Here's a short story about how I ran rehearsal for a professional, nationally recognized Shakespeare Festival... 

...Well, for 45 minutes!

As you might know, I'm currently serving as Assistant Director for The Merry Wives of Windsor, directed by Dr. John Hardy for Nebraska Shakespeare On The Green. I've AD-ed a few times, including last season's production of Macbeth. So I know my place in rehearsal is to observe, learn, research, chime in when asked. Take notes during runs, mostly for my own benefit; what would I do if I were directing this play? How would I fix ____? 

This summer, my duties have also expanded to a little choreography and movement coaching, and taking copious and almost violent notes, attempting to copy down verbatim the nuggets of wisdom from our fearless leader. Okay, not a duty, but a creative obligation I have instilled upon myself to learn from the best of the best of the best. Hardy has an approach to directing unlike anything I have ever seen. I'm inspired to really assess my entire process as a theatre practitioner. It has inspired me to not only expand the arsenal of tools that I have already as a theatre artist, but to also pay extra close attention to how all of the directors and leaders I work with work, and glean even more from their individual processes. 

Anyway. I mentioned something about running rehearsal? Oh ya.

Last week, Hardy asked me to watch a scene and stop and go as needed as he left the room. I was all like, "um, okay cool!" Of course, working with amazing actors in a super short scene, I didn't really feel the need to stop the scene, so I let it go. He came back, asked me if I had anything, and I didn't... other than one note for an actor as he was entering. Which Hardy let me give to the actor. Cue anxious sweats and intense blushing. This opportunity was all very unexpected by me, mind you.

Cut to 5 minutes later, Hardy said, "For the next 15 minutes, Anna is taking over," so he stepped to the side and I "took over," as it were. Really it was me sort of meekly stopping and starting the scenes we were working a few times, only giving a couple of notes occasionally, honestly too nervous to make too big a dent in what we were doing (also not wanting to overstep any bounds!)--I was almost too preoccupied with the fear that I wasn't seeing things that the director would see. But, Hardy told the company that I would have a different and smaller vocabulary than him, which is okay--I'm still a young director who has a lot to learn, and I certainly don't expect to be at the level of the professionals in the room yet. So that was encouraging! And that's the way you learn, ya know?? Trial by FIRE! Get thrown headfirst into the dang thing! But the whole company was receptive of what I gave them, and very supportive of the opportunity I was given to lead for a hot second.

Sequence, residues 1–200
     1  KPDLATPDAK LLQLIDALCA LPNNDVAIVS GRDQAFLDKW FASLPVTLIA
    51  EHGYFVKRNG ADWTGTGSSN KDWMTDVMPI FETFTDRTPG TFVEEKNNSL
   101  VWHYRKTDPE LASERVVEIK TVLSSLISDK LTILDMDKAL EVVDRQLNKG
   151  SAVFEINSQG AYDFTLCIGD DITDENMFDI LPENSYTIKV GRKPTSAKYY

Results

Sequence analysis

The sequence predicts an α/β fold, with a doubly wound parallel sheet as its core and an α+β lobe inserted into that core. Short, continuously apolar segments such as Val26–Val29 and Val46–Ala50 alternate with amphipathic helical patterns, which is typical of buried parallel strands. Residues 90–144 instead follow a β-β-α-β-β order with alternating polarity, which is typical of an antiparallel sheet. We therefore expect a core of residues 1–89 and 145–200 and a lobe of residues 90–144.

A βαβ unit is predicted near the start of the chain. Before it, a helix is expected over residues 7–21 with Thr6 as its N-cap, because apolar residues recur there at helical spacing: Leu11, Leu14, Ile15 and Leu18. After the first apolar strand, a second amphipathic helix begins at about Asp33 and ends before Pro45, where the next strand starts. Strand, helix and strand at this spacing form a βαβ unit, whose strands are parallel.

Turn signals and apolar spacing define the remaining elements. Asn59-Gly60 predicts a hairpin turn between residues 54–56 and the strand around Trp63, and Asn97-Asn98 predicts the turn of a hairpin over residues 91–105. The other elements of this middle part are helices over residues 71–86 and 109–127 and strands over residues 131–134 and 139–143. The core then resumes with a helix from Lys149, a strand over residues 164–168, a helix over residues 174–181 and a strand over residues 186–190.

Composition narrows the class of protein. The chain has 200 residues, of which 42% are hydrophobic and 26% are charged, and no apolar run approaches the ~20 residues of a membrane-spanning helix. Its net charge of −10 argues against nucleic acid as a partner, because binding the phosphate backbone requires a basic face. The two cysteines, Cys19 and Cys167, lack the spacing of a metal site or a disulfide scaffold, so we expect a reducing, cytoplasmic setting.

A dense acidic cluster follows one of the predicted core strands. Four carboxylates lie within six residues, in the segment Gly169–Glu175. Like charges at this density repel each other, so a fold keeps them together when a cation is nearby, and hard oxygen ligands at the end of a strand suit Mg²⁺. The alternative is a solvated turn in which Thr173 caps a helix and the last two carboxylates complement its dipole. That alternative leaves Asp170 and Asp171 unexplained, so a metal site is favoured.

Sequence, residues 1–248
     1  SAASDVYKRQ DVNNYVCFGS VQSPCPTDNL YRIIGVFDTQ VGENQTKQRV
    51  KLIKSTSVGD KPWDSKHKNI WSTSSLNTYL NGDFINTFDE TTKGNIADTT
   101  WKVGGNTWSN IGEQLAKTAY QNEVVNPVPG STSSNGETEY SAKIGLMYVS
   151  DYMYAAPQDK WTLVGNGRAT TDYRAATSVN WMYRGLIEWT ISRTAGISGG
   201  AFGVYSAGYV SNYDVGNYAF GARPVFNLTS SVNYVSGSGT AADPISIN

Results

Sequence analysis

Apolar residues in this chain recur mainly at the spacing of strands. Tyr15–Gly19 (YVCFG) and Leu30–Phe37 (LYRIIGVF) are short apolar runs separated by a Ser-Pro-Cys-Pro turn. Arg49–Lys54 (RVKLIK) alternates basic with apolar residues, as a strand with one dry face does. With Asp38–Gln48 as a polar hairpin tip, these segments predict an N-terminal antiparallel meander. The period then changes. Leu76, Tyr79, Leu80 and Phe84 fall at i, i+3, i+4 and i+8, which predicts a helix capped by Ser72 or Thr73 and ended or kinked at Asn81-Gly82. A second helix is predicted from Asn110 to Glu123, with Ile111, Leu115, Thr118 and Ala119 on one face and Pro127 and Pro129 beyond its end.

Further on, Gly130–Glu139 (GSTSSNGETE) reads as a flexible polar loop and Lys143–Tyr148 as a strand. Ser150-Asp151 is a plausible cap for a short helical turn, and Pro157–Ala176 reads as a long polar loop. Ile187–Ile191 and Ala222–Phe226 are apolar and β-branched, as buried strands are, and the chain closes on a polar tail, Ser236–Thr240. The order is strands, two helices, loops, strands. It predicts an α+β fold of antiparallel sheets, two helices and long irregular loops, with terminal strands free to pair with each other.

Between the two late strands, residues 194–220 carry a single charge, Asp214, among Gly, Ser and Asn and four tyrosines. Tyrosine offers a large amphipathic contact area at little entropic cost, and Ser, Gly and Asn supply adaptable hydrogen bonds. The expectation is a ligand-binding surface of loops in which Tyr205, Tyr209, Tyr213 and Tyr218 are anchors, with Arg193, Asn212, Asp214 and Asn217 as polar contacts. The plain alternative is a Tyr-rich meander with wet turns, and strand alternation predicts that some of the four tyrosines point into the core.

But talk about intimidating!

When it was all said and done, 15 minutes of running rehearsal turned into 45 minutes of actually giving some direction here and there, stretching my brain to look for what an inexperienced director (like myself) might overlook, and discovering what my vocabulary for speaking to actors actually is. I'm so grateful to get to observe these incredible artists and learn from them, and to be given the chance to practice directing professional actors was so humbling. Afterwards, once I could breathe again, Hardy said "there's half a semester of grad school right there for you." 

Heckin yeah!

The Merry Wives of Windsor opens June 29th, 8:00pm, playing through July 2nd, the 7th and the 9th on the green. Check out the awesome production of King Lear while you're at it! 

Bye for now!